Article in the Virginian-Pilot, November 25, 2004: 



NAGS HEAD — Way before tourism became an Outer Banks industry, Mattie Midgett’s store served

a summer population at what is now Soundside Road and the Cottage Row Historic District. Over  the

years, Midgett’s daughter, Nellie Myrtle Pridgen, had appointed herself the tough-as-nails guardian

of the cottages.

But Pridgen’s most notable legacy is her astonishing bounty of beachcombing booty: glass, porcelain,

pottery, arrowheads, bottles, jars, tiny dolls, rare shells and stoneware, fulgurite, ancient rocks

and plastic toys.

The Mattie Midgette Store – the name is also spelled Midgett – and the family’s house were approved

this month by the state for submission to the U.S. Department of the Interior to be listed on the

National Register of Historic Places. Next, the goal is to have The Beachcomber Museum, housed

at the store, open year round.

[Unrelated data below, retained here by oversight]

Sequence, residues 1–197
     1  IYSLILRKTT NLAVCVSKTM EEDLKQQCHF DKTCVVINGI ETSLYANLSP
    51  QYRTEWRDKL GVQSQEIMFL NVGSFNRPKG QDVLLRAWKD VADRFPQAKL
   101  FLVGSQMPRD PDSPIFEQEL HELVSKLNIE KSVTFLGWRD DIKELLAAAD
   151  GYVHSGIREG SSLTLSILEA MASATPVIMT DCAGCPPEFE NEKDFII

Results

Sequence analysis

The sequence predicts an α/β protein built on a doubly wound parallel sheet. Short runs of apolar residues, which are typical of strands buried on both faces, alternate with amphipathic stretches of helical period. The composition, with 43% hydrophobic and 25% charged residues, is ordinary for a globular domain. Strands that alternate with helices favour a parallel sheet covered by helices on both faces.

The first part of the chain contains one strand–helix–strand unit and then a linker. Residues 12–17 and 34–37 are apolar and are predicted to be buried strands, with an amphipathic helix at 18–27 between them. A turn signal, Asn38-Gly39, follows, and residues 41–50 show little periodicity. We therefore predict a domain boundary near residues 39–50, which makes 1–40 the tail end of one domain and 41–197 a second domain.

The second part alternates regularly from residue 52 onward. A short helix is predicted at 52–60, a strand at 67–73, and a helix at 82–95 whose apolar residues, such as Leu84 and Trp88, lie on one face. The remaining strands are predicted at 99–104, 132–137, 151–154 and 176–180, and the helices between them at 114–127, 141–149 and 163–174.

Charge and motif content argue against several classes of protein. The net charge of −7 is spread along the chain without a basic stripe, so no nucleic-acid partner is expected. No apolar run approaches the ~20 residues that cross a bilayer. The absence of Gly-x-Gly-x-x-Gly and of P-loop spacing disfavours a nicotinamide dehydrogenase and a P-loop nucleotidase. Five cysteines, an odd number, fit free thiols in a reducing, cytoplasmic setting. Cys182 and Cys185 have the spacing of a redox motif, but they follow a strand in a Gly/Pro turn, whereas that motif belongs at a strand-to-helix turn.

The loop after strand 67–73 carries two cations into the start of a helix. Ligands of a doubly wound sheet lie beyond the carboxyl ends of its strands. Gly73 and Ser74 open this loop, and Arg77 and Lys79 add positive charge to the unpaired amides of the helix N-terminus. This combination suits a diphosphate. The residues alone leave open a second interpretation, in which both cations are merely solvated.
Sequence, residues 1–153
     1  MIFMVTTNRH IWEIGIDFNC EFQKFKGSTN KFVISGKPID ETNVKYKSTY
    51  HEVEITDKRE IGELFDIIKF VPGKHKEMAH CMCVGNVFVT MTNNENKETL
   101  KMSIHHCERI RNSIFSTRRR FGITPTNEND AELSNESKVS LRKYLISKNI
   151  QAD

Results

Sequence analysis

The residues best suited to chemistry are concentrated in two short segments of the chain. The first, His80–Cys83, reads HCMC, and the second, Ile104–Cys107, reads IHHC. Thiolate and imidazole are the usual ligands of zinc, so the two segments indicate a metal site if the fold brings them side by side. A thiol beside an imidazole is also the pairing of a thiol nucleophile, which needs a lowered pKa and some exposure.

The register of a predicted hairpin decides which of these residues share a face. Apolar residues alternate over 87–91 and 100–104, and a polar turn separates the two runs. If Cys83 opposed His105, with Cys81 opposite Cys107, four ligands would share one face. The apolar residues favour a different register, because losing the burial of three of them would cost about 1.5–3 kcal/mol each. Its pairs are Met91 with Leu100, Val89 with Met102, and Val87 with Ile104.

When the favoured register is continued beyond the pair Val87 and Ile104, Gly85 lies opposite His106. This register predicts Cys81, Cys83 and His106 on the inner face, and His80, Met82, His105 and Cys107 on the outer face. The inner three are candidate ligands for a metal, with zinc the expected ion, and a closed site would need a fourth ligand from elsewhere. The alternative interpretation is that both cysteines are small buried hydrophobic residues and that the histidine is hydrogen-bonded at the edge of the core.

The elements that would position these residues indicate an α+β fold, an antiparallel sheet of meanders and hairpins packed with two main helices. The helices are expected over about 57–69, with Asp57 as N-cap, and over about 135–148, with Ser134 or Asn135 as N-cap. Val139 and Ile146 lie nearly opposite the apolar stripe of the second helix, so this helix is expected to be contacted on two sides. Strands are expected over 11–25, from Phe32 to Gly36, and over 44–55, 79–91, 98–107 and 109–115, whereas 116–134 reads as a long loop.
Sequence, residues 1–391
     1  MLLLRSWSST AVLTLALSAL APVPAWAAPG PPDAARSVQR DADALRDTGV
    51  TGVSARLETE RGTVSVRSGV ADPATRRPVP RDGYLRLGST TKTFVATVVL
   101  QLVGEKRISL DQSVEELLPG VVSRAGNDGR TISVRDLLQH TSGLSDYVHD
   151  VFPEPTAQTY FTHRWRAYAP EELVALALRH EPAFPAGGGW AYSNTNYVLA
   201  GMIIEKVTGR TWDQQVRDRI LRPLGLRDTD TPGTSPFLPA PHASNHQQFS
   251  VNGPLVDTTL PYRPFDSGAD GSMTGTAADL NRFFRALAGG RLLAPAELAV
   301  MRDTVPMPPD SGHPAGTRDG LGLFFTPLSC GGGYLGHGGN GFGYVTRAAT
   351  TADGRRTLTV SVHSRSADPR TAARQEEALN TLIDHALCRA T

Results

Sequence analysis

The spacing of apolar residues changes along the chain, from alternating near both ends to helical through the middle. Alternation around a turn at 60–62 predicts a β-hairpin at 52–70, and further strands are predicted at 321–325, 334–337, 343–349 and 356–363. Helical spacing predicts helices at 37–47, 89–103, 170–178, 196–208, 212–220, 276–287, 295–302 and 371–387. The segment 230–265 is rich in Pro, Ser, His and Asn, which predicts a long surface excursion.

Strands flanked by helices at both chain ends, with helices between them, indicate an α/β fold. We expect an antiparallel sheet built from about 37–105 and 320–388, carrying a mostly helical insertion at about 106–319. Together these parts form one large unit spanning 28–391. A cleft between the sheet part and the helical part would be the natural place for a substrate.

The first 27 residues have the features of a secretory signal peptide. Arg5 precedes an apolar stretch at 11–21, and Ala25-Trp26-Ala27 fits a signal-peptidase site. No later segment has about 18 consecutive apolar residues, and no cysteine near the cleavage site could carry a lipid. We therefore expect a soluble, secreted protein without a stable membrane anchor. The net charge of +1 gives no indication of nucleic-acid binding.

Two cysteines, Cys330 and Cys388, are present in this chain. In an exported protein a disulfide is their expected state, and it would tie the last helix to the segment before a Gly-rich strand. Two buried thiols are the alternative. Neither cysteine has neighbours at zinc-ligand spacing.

"It fits right in with the Lost Colony, the First Colony and the Wright Memorial," said Carmen Gray, 67,

Pridgen’s daughter, as she stood in the museum, surrounded by her mother’s treasures. "I feel like

we are just as an important part of the history to the county. We don’t have any people that come

in that don’t seem to be interested. They all want to stay for hours."

Nags Head has a case of Pridgen’s relics displayed at Town Hall, but Gray said that few, if any,

town officials have come to the museum or seem to appreciate its value to the town.

"It’s strange," Gray said. "They’re not that interested."

After a visit in May, Bruce Bortz, the deputy planning director in Nags Head, told museum organizer

Chaz Winkler that a number of things would need to be done before a museum would meet with

town building codes, and he suggested that a proposal be submitted to the planning board.

Bortz said last week that the building, zoned commercial, does not meet setback requirements and

would have to make some adjustments to accommodate parking, including the possibility of more

paving. The historic designation, he added, could perhaps relax some of the building code regulations.

Nags Head is willing to work with Winkler and the museum, he said, but the town needs information.

He said that nothing has been presented to the planning board.